The syntax for the SUMIFS function depends on the number of conditions needed. Each separate condition will require a range and a criteria. The generic syntax for SUMIFS looks like this: The first argument, sum_range, is the range of cells to sum, which should contain numeric values. The second argument, range1, is the range to which the first condition should be applied. The third argument, criteria1, contains the condition that should be applied to range1, along with any logical operators. Additional conditions are applied by providing additional range/criteria arguments. When using SUMIFS, keep the following in mind:

To be included in the final result, all conditions must be TRUE. All ranges must be the same size or SUMIFS will return a #VALUE! error. Criteria should include logical operators (>,<,<>,<=,>=) as needed. Each new condition requires a separate range and criteria.

Applying criteria

The SUMIFS function supports logical operators (>,<,<>,=) and wildcards (*,?) for partial matching. Because SUMIFS is in a group of eight functions that split logical criteria into two parts, the syntax is a bit tricky. Each condition requires a separate range and criteria, and operators need to be enclosed in double quotes (""). The table below shows some common examples: Notice the last two examples use concatenation with the ampersand (&) character. When a criteria argument includes a value from another cell, or the result of a formula, logical operators like “<” must be joined with concatenation. This is because Excel needs to evaluate cell references and formulas first in order to get a value, before that value can be joined with an operator.

Basic usage

With numbers in the range A1:A10, you can use SUMIFS to sum cells greater than 5 like this: If the range B1:B10 contains color names like “red”, “blue”, and “green”, you can use SUMIF to sum numbers in A1:A10 when the color in B1:B10 is “red” like this: Notice A1:A10 remains the sum_range, but range1 and criteria1 have been changed to apply the condition that cells in B1:B10 must be equal to “red”. To sum cells in A1:A10 that are greater than zero only when cells in B1:B10 equal “red”, you can use SUMIF like this: SUMIFS is now using five arguments: sum_range is A1:A10, range1 is A1:A10 and criteria1 is “>5”, and range2 is B1:B10 and criteria2 is “red”.

Worksheet example

In the worksheet shown, there are two SUMIFS formulas. In the first example (I5), SUMIFS returns a sum of values in column F where the color in column C is “red”. In the second example (I6), SUMIFS sums values in column F when the color is “red” and the state is Texas (TX): Notice the equals sign (=) is not required when constructing “is equal to” criteria. Also notice SUMIFS is not case-sensitive; you can use “red” or “Red”, and “TX” or “tx”.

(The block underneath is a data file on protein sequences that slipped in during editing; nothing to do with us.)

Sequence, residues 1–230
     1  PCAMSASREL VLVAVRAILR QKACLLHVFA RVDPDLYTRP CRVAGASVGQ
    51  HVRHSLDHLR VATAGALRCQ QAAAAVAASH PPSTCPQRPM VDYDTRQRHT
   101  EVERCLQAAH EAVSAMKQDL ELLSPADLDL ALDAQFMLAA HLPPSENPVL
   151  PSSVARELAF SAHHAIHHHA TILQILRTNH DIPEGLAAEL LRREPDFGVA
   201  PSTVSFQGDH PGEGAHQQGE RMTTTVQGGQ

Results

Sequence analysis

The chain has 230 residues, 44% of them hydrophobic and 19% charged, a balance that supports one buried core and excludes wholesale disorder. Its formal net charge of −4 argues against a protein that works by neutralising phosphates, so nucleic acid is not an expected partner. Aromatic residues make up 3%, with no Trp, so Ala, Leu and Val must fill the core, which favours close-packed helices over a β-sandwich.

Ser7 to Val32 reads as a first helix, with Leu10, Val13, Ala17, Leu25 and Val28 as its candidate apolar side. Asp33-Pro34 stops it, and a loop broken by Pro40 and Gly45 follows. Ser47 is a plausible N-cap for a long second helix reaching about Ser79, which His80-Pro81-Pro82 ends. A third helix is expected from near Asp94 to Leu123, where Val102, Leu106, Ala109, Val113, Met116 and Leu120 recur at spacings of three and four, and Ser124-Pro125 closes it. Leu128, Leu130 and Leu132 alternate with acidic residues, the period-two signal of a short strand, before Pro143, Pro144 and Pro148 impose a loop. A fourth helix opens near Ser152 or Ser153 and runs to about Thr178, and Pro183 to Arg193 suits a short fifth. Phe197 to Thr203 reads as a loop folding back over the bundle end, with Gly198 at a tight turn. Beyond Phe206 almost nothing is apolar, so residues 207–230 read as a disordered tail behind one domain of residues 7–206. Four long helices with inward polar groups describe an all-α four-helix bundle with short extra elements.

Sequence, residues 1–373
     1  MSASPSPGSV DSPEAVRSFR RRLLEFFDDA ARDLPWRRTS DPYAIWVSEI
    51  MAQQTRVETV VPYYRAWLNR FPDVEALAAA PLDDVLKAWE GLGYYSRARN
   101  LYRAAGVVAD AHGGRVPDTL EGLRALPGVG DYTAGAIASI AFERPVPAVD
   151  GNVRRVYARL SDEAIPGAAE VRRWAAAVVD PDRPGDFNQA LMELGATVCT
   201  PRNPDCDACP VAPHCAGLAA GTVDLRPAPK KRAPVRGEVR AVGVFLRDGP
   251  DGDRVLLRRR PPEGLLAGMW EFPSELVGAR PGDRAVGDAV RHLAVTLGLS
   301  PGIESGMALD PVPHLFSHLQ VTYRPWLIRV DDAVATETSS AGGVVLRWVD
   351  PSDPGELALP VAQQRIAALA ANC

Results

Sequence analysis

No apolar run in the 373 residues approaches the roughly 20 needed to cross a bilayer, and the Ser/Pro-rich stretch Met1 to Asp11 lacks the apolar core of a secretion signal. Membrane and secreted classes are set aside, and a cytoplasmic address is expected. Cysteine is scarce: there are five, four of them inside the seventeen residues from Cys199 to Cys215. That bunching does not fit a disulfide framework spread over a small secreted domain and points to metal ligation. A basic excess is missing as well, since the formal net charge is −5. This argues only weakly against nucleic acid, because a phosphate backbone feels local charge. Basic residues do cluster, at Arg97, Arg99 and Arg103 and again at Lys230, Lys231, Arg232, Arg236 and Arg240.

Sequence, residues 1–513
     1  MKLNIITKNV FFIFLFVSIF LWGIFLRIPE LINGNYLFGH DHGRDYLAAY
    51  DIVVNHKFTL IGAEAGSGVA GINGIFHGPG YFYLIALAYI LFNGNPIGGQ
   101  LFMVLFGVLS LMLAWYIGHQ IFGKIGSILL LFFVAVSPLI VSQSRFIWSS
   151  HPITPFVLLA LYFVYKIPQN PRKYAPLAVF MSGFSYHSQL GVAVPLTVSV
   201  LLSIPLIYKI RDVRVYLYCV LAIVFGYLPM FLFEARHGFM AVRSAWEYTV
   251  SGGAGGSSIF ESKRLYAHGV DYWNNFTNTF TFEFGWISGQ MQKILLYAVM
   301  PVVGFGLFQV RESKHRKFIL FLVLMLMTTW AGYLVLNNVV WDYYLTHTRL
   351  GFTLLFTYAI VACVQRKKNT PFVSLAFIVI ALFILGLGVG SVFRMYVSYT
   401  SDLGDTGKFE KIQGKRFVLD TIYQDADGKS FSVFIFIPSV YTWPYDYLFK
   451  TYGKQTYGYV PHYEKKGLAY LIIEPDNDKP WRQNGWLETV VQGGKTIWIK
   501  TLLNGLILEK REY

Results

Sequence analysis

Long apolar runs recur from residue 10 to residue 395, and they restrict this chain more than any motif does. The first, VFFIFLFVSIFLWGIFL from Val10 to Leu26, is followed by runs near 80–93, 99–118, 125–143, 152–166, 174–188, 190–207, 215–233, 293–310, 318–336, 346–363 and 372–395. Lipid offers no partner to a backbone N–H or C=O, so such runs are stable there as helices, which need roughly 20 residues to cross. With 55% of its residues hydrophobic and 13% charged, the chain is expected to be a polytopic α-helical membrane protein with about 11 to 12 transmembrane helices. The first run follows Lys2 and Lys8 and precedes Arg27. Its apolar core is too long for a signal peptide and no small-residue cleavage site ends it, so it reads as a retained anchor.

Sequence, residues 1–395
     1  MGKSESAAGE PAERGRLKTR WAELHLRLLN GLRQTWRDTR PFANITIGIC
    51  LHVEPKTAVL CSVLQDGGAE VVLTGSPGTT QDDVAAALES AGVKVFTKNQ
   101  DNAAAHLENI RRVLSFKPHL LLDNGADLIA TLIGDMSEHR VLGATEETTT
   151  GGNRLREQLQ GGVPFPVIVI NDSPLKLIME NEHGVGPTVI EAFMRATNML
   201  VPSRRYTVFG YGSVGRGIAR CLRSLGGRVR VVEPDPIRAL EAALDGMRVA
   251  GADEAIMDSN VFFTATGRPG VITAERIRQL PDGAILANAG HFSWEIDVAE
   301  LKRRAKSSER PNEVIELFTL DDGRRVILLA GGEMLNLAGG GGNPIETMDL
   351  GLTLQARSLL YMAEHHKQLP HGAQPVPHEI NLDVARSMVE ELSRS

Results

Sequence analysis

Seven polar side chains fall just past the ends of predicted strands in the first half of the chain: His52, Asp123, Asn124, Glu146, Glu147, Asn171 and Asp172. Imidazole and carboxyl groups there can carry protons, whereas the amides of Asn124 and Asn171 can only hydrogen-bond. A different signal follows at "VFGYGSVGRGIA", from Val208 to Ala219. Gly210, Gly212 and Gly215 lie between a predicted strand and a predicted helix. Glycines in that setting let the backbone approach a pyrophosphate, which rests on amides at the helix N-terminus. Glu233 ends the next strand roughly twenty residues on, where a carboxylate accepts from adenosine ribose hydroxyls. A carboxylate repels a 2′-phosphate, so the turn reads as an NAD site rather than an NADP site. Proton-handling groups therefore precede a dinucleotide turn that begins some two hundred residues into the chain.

The SUMIFS function has some limitations you should be aware of:

Conditions in SUMIFS are joined by AND logic. In other words, all conditions must be TRUE in order for a cell to be included in a sum. To sum cells with OR logic, you can use a workaround in simple cases. All ranges must be the same size. If you supply ranges that don’t match, you’ll get a #VALUE error. The SUMIFS function requires actual ranges for all range arguments; you can’t use an array. This means you can’t do things like extract the year from dates inside the SUMIFS function. To alter values that appear in a range argument before applying criteria, the SUMPRODUCT function is a flexible solution. SUMIFS is not case-sensitive. To sum values based on a case-sensitive condition, you can use a formula based on the SUMPRODUCT function with the EXACT function. SUMIFS has some other quirks, which are detailed in this article.

The most common way to work around the limitations above is to use the SUMPRODUCT function. In the current version of Excel, another option is to use the newer BYROW and BYCOL functions.


Multiple conditions are applied using AND logic, i.e. condition 1 AND condition 2, etc. All ranges must be the same size. If you supply ranges that don’t match, you’ll get a #VALUE error. Non-numeric criteria must be enclosed in double quotes (i.e. “<100”,  “>32”, “TX”). Cell references in criteria are not enclosed in quotes, i.e. “<"&A1 The wildcard characters ? and * can be used in criteria. A question mark (?) matches any one character and an asterisk () matches any sequence of characters (zero or more). To match a literal question mark(?) or asterisk (), use a tilde (~) like (~?, ~*). SUMIFS requires a range, you can’t substitute an array.

Dave Bruns

Hi - I’m Dave Bruns, and I run Exceljet with my wife, Lisa. Our goal is to help you work faster in Excel. We create short videos, and clear examples of formulas, functions, pivot tables, conditional formatting, and charts.

Excel SUMIFS function - 6